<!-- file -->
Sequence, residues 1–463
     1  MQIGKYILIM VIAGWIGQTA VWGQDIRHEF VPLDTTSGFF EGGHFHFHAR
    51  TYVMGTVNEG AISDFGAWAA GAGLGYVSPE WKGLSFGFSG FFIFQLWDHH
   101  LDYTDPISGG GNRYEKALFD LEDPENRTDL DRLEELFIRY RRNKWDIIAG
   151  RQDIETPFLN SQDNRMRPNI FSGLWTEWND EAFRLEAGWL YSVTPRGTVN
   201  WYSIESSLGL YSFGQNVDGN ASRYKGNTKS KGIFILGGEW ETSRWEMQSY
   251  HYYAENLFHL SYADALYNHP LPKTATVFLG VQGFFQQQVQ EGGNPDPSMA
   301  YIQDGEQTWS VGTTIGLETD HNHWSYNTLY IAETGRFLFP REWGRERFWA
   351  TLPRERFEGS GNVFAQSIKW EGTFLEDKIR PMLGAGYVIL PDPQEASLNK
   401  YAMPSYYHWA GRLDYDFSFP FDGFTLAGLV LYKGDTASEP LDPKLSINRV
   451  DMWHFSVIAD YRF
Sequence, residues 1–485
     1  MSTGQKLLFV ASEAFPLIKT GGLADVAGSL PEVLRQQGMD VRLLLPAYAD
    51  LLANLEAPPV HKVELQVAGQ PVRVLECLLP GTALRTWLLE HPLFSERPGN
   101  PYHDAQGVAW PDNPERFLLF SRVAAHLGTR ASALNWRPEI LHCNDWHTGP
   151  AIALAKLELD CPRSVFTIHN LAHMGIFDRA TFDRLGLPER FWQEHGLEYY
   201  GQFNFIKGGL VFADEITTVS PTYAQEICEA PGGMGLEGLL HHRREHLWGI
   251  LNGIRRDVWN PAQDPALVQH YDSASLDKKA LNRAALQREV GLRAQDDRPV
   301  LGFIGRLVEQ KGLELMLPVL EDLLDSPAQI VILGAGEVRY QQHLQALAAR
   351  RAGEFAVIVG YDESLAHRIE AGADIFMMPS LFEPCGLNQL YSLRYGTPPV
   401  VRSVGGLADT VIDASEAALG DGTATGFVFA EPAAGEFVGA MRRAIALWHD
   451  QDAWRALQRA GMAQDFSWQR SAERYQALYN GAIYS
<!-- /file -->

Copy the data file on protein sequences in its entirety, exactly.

Sequence, residues 1–463
     1  MQIGKYILIM VIAGWIGQTA VWGQDIRHEF VPLDTTSGFF EGGHFHFHAR
    51  TYVMGTVNEG AISDFGAWAA GAGLGYVSPE WKGLSFGFSG FFIFQLWDHH
   101  LDYTDPISGG GNRYEKALFD LEDPENRTDL DRLEELFIRY RRNKWDIIAG
   151  RQDIETPFLN SQDNRMRPNI FSGLWTEWND EAFRLEAGWL YSVTPRGTVN
   201  WYSIESSLGL YSFGQNVDGN ASRYKGNTKS KGIFILGGEW ETSRWEMQSY
   251  HYYAENLFHL SYADALYNHP LPKTATVFLG VQGFFQQQVQ EGGNPDPSMA
   301  YIQDGEQTWS VGTTIGLETD HNHWSYNTLY IAETGRFLFP REWGRERFWA
   351  TLPRERFEGS GNVFAQSIKW EGTFLEDKIR PMLGAGYVIL PDPQEASLNK
   401  YAMPSYYHWA GRLDYDFSFP FDGFTLAGLV LYKGDTASEP LDPKLSINRV
   451  DMWHFSVIAD YRF
Sequence, residues 1–485
     1  MSTGQKLLFV ASEAFPLIKT GGLADVAGSL PEVLRQQGMD VRLLLPAYAD
    51  LLANLEAPPV HKVELQVAGQ PVRVLECLLP GTALRTWLLE HPLFSERPGN
   101  PYHDAQGVAW PDNPERFLLF SRVAAHLGTR ASALNWRPEI LHCNDWHTGP
   151  AIALAKLELD CPRSVFTIHN LAHMGIFDRA TFDRLGLPER FWQEHGLEYY
   201  GQFNFIKGGL VFADEITTVS PTYAQEICEA PGGMGLEGLL HHRREHLWGI
   251  LNGIRRDVWN PAQDPALVQH YDSASLDKKA LNRAALQREV GLRAQDDRPV
   301  LGFIGRLVEQ KGLELMLPVL EDLLDSPAQI VILGAGEVRY QQHLQALAAR
   351  RAGEFAVIVG YDESLAHRIE AGADIFMMPS LFEPCGLNQL YSLRYGTPPV
   401  VRSVGGLADT VIDASEAALG DGTATGFVFA EPAAGEFVGA MRRAIALWHD
   451  QDAWRALQRA GMAQDFSWQR SAERYQALYN GAIYS